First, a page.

Economy is Not Community

In the debate over reopening—how soon, how fast—the question is posed as a choice between the economy and public health.  Both are certainly important, but there is a third missing element.  We are more than bodies to be kept healthy and workers/consumers to keep the wheels of commerce going.  We are also persons in community, engaging the mind and spirit with other humans.  Fortunately for some of us, we have had the gift of technology to keep in touch, but it didn’t include everyone, and it was in imperfect substitute for real human contact.  We need to acknowledge the desire to attend live worship services, the concern among students of all ages that online learning is at best an imperfect substitute for live real time classrooms and labs, the missed scout troops and  team sports and outings to movie theaters and ball games and restaurants, the absence of a real live presidential election campaign, virtual conventions and festivals, and the inability to have neighborhood and extended family gatherings and vacations at the beach in the summer.

Yes, the workplace often is a community, but we all belong to multiple and overlapping communities.  Schools and colleges, churches, youth activities, bridge clubs, extended family, volunteer organizations—these are our communities. So are our cities and towns, who provide a lot of these opportunities to gather and are struggling with demands for first responder services and declining revenue from sales taxes and tourism.  These kinds of direct face-to-face contact with no computer screen intervening fill an important human need for community.  We are asked to wear masks and wash our hands frequently not just to protect ourselves but to protect the larger community, but in order to persuade people to do those things, they need to feel like a part of the community. If we don’t get to experience other people directly, our sense of being in community and being responsible to and for the well- being of that community. Health and economic activity are only two components of that well being.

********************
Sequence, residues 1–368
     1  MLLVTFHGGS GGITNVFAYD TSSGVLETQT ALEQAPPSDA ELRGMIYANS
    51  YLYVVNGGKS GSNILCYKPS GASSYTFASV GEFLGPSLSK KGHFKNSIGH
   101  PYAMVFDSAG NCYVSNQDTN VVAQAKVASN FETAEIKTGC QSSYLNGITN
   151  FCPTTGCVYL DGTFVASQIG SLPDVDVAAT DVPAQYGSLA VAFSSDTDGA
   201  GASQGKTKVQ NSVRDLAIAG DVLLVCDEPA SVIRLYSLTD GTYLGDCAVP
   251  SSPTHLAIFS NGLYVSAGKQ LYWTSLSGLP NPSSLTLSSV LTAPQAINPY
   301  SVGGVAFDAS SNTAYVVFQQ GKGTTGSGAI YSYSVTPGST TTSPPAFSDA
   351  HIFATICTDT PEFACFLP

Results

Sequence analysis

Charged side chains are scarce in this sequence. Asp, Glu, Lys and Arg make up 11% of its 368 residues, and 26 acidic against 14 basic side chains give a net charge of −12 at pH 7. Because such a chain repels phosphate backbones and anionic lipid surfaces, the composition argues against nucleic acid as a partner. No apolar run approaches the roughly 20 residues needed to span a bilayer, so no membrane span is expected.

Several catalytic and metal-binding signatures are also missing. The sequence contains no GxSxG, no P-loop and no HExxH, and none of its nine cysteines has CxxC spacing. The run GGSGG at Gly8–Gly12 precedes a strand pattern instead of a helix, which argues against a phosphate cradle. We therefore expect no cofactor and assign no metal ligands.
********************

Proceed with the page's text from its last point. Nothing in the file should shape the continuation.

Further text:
Maybe with months of electronic church services, on-line classes,  on-line shopping, Zoom meetings for work and social interaction, and virtual experiences of entertainment, we won’t want to return to those communities when the pandemic ends.  Or the communities will no longer exist. We are already seeing malls and retailers closing, smaller colleges wondering if they will survive a prolonged reliance on distance learning, children and youth getting used to being loners instead of part of a class, team, or other group.  Even travel, where we broaden our horizons with new experiences of people and places, is experiencing a dramatic decline in a large part of the industry including air travel, cruises, hotel stays, and other kinds of business travel and tourism, an economic challenge with a strong social dimension.  If we don’t find a way to resume in-person experiences of people and places, communities and community institutions, these programs, services and communities can wither and die, and revival will be hard.

So I invite you to reflect on the communities to which you belong and how some of them might be able to occasionally assemble in person, with masks and social distancing, in small numbers. Add your voice to the reopening debate. Reopen with lots of masks, hand washing, and deep cleaning. The pandemic has already killed more than 90,000 Americans. Let’s ensure that it does not kill some of our cherished social institutions from NASCAR to college to community worship as well.


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